Australians spend an average of 20 hours a day indoors, largely at home ( enHealth 2012 ). As a result, there may be greater personal exposure to indoor airborne pollutants than to air pollution outdoors.

Indoor emissions can come from building fixtures, fittings and furniture especially from new housing, indoor activities such as heating and cooking, chemical cleaning products, solvents, tobacco smoke and outdoor air pollutants that have come inside. Indoor air pollution may also be of biologic origin, such as from moulds and animal dander. Allergic reactions can result from repeated exposure and immunologic sensitisation to the biologic pollutants.

Each year, human-made air pollution shortens the lives of people in NSW. For example, Broome et al. (2020)  has estimated that 5,900 years of life are lost each year due to long-term exposure to fine particles in the NSW Greater Metropolitan Region (Sydney, the Lower and Upper Hunter, Central Coast and the Illawarra). This equates to a mortality effect equivalent to 420 premature deaths.

Greenhouse gas emissions are also a form of air pollution which impacts human health by driving climate change and extreme weather events. These are covered separately in the Greenhouse gas and Climate change topics.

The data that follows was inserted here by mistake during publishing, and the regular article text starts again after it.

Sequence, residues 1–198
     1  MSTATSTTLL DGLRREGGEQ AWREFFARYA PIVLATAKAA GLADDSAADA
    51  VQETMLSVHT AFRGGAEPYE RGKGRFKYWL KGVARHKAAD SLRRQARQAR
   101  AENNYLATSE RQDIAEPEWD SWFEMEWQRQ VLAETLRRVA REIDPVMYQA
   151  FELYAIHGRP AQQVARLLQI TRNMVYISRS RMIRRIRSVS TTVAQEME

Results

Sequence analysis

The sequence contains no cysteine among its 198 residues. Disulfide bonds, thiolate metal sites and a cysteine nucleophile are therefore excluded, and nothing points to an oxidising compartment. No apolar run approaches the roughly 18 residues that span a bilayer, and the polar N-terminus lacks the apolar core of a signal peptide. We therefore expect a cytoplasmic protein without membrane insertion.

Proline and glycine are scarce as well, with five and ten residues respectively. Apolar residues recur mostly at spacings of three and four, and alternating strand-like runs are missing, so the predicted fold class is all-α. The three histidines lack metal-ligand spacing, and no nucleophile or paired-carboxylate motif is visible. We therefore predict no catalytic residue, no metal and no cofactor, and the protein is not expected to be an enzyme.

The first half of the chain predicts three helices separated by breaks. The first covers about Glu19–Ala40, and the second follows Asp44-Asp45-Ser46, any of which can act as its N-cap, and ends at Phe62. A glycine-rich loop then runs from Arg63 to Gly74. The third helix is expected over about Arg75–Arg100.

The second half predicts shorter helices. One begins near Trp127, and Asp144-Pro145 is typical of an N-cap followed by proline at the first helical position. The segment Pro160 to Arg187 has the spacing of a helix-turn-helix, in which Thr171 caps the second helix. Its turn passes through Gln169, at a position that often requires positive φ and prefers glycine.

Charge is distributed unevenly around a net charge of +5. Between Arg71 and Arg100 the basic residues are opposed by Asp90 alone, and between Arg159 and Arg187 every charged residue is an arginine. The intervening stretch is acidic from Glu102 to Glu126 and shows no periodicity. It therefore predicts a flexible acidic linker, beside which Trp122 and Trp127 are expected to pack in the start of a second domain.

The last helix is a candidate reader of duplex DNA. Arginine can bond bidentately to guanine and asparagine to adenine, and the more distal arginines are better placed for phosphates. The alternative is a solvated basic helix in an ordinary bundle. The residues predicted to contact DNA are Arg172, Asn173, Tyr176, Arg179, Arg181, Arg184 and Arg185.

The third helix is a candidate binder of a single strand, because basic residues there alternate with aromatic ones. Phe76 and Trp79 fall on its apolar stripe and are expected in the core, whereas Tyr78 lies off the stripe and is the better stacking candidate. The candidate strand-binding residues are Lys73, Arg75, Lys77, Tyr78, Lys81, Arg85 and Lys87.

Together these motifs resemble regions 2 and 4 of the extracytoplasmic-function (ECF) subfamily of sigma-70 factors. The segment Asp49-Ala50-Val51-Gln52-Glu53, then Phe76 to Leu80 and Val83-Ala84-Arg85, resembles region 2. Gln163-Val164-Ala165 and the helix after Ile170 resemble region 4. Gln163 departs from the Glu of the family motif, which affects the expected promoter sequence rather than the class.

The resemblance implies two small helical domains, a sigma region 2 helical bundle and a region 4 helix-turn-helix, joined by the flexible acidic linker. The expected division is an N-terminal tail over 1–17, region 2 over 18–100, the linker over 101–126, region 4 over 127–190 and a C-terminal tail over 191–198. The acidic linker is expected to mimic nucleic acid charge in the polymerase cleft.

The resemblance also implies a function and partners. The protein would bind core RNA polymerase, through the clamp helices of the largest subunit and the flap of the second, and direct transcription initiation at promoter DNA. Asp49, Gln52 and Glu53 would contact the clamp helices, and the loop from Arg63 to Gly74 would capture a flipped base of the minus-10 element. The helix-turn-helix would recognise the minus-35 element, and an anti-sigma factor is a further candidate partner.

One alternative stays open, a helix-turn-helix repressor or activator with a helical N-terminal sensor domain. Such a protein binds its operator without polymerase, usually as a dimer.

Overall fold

Economic costs of air pollution

Air pollution from fine particles is estimated to cause $3.3 billion (2019 AUD) in health costs each year in the NSW GMR. This is based on an inflation-adjusted value for a statistical life of $8 million by Access Economics (2008)   applied to the 420 deaths estimated by Broome et al. (2020) . Frangos & DiMarco (2013)  and Broome et al. (2015)  estimated similar mortality impacts in earlier studies.

Smoke related health impacts from bushfires can also be significant. The smoke related health costs of the Black Summer bushfires of 2019–20 have been estimated at approximately $1.1 billion for NSW and $1.95 billion Australia wide. This is based on an estimated 429 smoke related premature deaths, 3,230 hospital admissions for cardiovascular and respiratory disorders and 1,523 emergency attendances for asthma across Australia ( Johnston et al. 2021 ).

The National Environment Protection (Ambient Air Quality) Measure (AAQ NEPM) establishes national ambient air quality standards and a national framework for the monitoring and reporting of seven common air pollutants:

  • ground-level ozone (O3
  • particles as PM10
  • particles as PM5
  • carbon monoxide (CO) 
  • nitrogen dioxide (NO2
  • sulfur dioxide (SO2).

The national standards are the levels of air pollutants that each jurisdiction reports against each year as part of the implementation and measure of effectiveness of the AAQ NEPM.

In 2016, the National Environment Protection Council (NEPC) varied the AAQ NEPM to establish more stringent national standards for particle pollution (PM10 and PM2.5). This was in response to increasing awareness of the risks posed by fine particles.